During the set up period where you’re further assessing people, you continue with the questions above.  You need to determine the assumed hierarchy of power.  You need to determine if they all view themselves as equals or are they deferring to one specific person.  If one specific person what is that person’s modis operandi (MO)?  Is emotion running high or low?

I’ll confess to intentionally picking a fight with the person I assessed as being the big cheese in the room just to solidify my assessment of him.  He did NOT disappoint.  Through my assessment I had predetermined he was a man who used his physical presence as a means of intimidation and was not afraid to use that against a single person in his path.  I had further determined that this had been an extremely effective tactic for him.

Sadly for him, I’m not easily intimidated.  Responding exactly as I had anticipated, he began to do everything in his power to intimidate me.  He had raised his voice to just below yelling.  He was condescending and spoke to me like I was an idiot, and he waved his hands a lot.  I let him get a couple of minutes into his spiel before I started laughing hysterically.  I did this for very specific reasons.  First, I knew it would fluster him and take him off balance.  Second, it would end his speech and make him very cognizant that I was not going to allow him to dominate the meeting.  Third, it effectively communicated that I was not going to be intimidated and since this had always been a very effective tactic for him, that it would throw him off center and he would not know either how to respond or how to behave.  Lucky for me, I was right on all counts.  I had in essence dismantled his pre-arranged secret agenda and shifted the power back to center where we were now equals.  But, I also sent a powerful message in that key move.  I established myself as an adversary but more importantly I established myself as not someone to be taken lightly.  Needless to say,  while there was some content to the meeting that infuriated me, I found the next 3 hours rather enjoyable.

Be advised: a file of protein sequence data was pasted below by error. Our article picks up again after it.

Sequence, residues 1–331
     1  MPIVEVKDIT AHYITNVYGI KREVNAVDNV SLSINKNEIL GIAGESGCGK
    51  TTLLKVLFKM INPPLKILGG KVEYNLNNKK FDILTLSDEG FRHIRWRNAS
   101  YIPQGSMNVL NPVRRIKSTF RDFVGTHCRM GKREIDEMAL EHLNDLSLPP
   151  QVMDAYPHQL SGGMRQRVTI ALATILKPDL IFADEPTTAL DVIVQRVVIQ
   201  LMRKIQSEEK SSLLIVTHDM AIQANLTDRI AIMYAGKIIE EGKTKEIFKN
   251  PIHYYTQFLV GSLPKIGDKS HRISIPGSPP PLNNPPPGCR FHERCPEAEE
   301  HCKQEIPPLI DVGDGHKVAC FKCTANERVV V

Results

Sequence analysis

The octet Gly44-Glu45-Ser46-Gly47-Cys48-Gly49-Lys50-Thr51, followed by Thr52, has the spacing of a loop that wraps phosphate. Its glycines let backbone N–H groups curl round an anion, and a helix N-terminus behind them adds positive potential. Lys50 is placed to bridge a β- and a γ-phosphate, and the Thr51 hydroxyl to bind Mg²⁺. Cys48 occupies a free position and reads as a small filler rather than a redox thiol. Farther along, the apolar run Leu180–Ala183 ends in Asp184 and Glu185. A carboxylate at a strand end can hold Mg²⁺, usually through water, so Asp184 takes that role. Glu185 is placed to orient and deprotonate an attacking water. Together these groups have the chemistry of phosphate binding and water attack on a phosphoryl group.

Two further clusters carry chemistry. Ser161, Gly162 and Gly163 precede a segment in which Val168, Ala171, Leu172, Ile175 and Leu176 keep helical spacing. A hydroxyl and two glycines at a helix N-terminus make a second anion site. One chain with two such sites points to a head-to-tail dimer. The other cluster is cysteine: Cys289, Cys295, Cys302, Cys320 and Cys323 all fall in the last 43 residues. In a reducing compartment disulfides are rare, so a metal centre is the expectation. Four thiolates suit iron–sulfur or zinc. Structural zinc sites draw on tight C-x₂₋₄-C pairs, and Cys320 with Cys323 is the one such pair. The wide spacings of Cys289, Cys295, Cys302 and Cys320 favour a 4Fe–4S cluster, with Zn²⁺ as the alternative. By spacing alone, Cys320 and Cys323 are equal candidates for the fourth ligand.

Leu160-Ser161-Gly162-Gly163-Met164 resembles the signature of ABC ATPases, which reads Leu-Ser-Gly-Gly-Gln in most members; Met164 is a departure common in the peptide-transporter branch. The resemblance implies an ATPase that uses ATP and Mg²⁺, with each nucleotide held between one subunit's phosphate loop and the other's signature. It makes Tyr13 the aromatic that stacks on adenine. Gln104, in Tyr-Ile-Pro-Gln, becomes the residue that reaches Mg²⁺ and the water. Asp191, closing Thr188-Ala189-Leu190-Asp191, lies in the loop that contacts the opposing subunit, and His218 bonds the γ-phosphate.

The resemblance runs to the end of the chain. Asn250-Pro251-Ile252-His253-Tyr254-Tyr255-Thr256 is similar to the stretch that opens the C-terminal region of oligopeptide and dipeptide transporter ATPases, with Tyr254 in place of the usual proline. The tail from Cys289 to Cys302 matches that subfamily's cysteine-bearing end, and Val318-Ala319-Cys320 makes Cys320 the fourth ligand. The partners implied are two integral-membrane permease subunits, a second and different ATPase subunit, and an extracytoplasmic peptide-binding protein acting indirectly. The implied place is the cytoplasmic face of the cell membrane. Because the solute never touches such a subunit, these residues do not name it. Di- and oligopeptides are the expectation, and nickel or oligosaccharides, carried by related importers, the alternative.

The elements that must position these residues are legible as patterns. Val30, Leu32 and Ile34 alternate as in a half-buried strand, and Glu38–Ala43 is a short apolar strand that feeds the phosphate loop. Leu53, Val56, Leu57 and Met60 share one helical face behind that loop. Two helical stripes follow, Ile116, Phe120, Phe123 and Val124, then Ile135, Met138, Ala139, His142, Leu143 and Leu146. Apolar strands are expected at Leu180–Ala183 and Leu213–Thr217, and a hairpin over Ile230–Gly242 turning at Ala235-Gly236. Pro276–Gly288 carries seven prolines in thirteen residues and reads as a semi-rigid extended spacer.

Now, despite my example I need to stress, I’ve never lost my cool.  Yes, I’ve been overly amped and I’ll share that later, but I’ve never lost my cool.  I’ve never used foul language because that’s the fastest way to lose the battle.  The second you curse, you’ve lost.  When people have yelled, I’ve been calm.  I smile.  I’m polite.  I’m civil.  I hug teachers.  I shake administrator’s hands.  Sometimes I bring food.  All of this is me, showing up and controlling the tone of the meeting.  It’s been rather effective.

Now I’ve had years in the professional arena and some (maybe a lot) of what I’ve written above is going to seem ridiculous, but remember, what I’m trying to do is arm you for battle.  How you show up is simply your armor.  Combined with my other series posts and what’s yet to come, I’ll help you build an effective weapon.  I cannot nor will not guarantee you success.  All I can do is prep you.  You have to be the one to fight.  You have to be the one determined to win, however that may look and whatever that cost may be.